Major news events may cause the markets to fluctuate wildly, increasing the chance of slippage for traders. Monitoring the economic calendar to be aware of when important data is due for release or when an economic event is taking place, will help you prepare for times when volatility may shoot higher. This may assist you in avoiding extreme situations that often develop during that time.

Trading on low volatility or highly liquid markets is another way to possibly decrease or eliminate slippage. Many markets with low volatility have smooth price movements, where price changes are small. Furthermore, these markets are often made up of many active traders, which increases the likelihood of orders being filled at the preferred price. 

A limit order is when a trader instructs their broker to sell or buy a financial instrument at a specific price in the future. This is distinct from a market order, which is an instruction to your broker for them to buy or sell at whatever price is currently available in the market.


For particularly large orders, or in ‘fast markets’ when prices are changing at great speed,  some brokers may re-quote the price. When a broker is unable to complete an order at the price you requested, it imposes an execution delay and returns the request with a new, generally less favourable price.

You will then be able to trade at the new price. Of course, with very fast markets, any delay in accepting the re-quote may result in the price being withdrawn, and you may receive a  second re-quote.  While this is unfortunate, it can happen if the market moves rapidly during the release of major economic data, for example.

The requote message displays on your trading platform, informing you that the price has changed and allowing you to accept the new quoted price. Price requotes are inconvenient, but it just reflects the fact that prices change fast.

Final thoughts

Although slippage can occur across most asset classes, financial instruments with high trading volumes tend to be less susceptible to it.  Yet slippage cannot be completely avoided. Consider it a factor of trading. To ensure you get the price you want, use limit orders. But bear in mind. There’s no guarantee that your limit order will be filled as the price may never reach your order level. If you’re not too worried about the price, use a market order to ensure that your trade is filled, although there may be some price slippage.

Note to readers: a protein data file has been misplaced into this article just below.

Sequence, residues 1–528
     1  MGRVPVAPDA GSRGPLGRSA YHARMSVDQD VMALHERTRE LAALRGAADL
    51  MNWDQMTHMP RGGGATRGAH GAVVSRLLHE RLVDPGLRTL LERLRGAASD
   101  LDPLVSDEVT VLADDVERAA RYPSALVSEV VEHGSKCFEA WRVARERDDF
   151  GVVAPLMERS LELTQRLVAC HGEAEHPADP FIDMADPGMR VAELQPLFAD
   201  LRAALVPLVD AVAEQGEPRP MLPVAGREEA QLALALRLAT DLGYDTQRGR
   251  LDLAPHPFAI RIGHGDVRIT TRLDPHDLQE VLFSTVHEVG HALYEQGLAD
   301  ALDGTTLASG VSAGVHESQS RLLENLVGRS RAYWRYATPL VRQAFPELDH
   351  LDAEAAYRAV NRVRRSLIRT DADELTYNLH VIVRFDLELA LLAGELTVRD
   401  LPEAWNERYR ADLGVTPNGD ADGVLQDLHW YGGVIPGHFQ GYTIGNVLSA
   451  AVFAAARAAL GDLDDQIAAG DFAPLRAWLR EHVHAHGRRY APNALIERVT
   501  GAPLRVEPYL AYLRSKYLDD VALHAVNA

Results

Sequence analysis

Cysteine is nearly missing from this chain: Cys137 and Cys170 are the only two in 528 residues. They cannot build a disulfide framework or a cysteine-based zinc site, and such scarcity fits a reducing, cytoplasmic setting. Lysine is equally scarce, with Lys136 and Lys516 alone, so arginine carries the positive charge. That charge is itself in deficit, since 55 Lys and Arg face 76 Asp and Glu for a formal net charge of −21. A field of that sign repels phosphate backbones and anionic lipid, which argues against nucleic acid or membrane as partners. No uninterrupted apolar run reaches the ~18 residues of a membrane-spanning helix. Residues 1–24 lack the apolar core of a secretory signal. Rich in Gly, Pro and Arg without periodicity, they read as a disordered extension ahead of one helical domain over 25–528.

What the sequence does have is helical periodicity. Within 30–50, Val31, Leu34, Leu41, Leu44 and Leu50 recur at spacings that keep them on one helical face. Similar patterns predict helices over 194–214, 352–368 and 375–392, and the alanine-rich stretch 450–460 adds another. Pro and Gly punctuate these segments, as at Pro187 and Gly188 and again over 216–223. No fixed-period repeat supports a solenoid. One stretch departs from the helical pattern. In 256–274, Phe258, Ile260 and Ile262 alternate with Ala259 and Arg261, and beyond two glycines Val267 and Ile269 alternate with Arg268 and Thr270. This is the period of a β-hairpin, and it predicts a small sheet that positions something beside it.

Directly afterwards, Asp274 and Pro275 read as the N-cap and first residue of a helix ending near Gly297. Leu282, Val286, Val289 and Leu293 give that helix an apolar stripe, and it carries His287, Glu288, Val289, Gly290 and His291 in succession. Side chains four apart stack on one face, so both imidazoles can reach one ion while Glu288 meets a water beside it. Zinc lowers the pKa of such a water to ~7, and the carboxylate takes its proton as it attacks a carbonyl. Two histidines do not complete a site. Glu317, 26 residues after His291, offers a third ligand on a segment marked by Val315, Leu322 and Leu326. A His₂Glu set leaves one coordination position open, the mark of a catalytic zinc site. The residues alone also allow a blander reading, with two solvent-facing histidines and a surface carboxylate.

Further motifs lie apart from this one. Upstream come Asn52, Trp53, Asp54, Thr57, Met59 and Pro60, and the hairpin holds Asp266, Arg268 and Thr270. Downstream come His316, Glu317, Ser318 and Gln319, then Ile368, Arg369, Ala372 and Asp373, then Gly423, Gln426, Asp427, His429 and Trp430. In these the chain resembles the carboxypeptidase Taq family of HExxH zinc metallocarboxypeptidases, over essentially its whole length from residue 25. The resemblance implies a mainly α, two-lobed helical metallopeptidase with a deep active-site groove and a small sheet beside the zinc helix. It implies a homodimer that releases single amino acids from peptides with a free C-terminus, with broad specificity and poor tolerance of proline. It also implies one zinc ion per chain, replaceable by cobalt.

People also asked


Slippage tolerance is a percentage of the position you are prepared to tolerate in slippage. This term is most often associated with cryptocurrency trading platforms. In conventional markets, you can use a limit order rather than specifying a slippage tolerance.


This is essentially a matter of personal choice. Most traders know the volume at which their trading strategy performs best. To ensure you're decreasing slippage risk, seek high-volume assets that trade tens of millions of lots daily.


Slippage is most likely to occur over important news events. Many stock market gurus encourage day traders to avoid trading when economic data is released. While trading during economic events may seem appealing, entering and exiting a trade at your desired price might be more difficult.